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Coin Photography-SLR Camera
Camera basics


Basic Equipment | Film | Camera basics | Macro (full coin) photos | Micro photographs | Slides | Adding magnification | Other tips

Camera basics

Since some of you may know very little about photography, I will try to explain some of the basic photographic facts that you will need to know for better results.

First, as mentioned earlier, an SLR is simply a camera that allows you to view the subject through the lens just as the image will appear on the film. Most instamatic-type cameras use a second lens for the operator's view. This view may be slightly different from the image that will transfer to the

Most SLR cameras have a built-in light meter. This light meter will indicate the shutter speed the camera suggests for a proper exposure. Those cameras with an automatic exposure will use this shutter speed when the camera is set in the automatic mode.

The shutter speed can be set manually and usually with a latitude from 1 second to 1/1000th of a second. Most cameras will have the 1 second shutter speed setting indicated by a different color than the fractional shutter speed settings. These settings will be indicated as follows:

The numbers from 2 through 1000 are fractions of a second. For example, the 15 will indicate 1/15th of a second; the 250 will indicate 1/250th of a second. The higher the number, the shorter period of time the lens will be open. A shorter exposure time (lens opening) means less light
exposing the film.

Some cameras may have a 2-second setting, which will usually be in the same color as the 1-second setting. Also, most of the SLRs will also have a setting marked ?B.? This setting would indicate that the shutter release cable (sometimes referred to as a bulb) would totally dictate how long the shutter will remain open. When the shutter release cable is depressed, the lens will open, and it will not close until the cable is released. This would enable you to have an exposure of 5 seconds, 10 minutes, or whatever. Another important setting on the camera is the film speed. This adjustment is usually marked by numbers such as 25-64-100-200-400-800. There are often micro adjustments between these numbers which would allow you to set the ASA between these speeds. There are some cameras which allow you to set the ASA lower or higher than the numbers that I indicated. Still other, more modern cameras will make this setting automatically by reading a code on the canister of the film.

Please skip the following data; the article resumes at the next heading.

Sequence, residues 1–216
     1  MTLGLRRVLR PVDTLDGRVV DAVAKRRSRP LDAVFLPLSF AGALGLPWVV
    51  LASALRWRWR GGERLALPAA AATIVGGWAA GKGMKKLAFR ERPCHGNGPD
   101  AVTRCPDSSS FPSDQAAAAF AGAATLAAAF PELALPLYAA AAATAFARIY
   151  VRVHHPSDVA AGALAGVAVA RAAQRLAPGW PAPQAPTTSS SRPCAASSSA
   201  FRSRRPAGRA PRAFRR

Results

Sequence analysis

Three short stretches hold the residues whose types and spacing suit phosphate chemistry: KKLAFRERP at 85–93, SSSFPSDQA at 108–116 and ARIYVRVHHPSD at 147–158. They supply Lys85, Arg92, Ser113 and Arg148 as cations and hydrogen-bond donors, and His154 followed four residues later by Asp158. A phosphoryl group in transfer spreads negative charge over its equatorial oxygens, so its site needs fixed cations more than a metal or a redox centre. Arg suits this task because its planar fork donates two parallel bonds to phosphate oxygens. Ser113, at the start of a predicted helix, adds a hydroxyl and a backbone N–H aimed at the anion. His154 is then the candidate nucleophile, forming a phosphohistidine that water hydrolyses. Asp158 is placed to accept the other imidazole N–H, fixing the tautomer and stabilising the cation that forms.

The film speed setting is critical only when using either the automatic mode or if the camera's internal light meter is being used as a guide. The lens on the camera also has an adjustment with numbers in a graduated scale. This scale
measures the lens opening (or aperture). This scale will usually indicate numbers such as 2.5 - 4 - 5.6 - 8 - 11 - 16 - 22 - 32. The different aperture settings adjust the amount of light being allowed through the lens opening. Using a given shutter speed, an aperture setting of 5.6 will allow basically twice as much light through the lens as will a setting of 8. A setting of 8 will allow twice as much light
as a setting of 16. A very important fact to remember here is that the higher the number, the smaller the opening, and consequently, the less light that is allowed through the lens.

The aperture also controls something called "depth of field." This is simply the distance in front of and behind the focused point that will remain in sharp focus. The higher the number, the greater depth-of-field (greater distance in front of and beyond the focused point which will remain in focus). This is very important with coin photography, especially when taking macro (full-coin) shots. A smaller (higher number) aperture would allow more latitude with the focus, which can sometimes be tricky.

A proper aperture, shutter speed, and film speed are all required to produce a properly exposed photograph. Most SLR cameras are aperture priority, which means that once the lens opening is set and the ASA rating is set, the camera's internal light meter will determine the time required for a
proper exposure. An exposure- priority camera (of which there are few) would indicate that the camera will adjust the aperture depending upon the exposure time set and the amount of light entering the camera.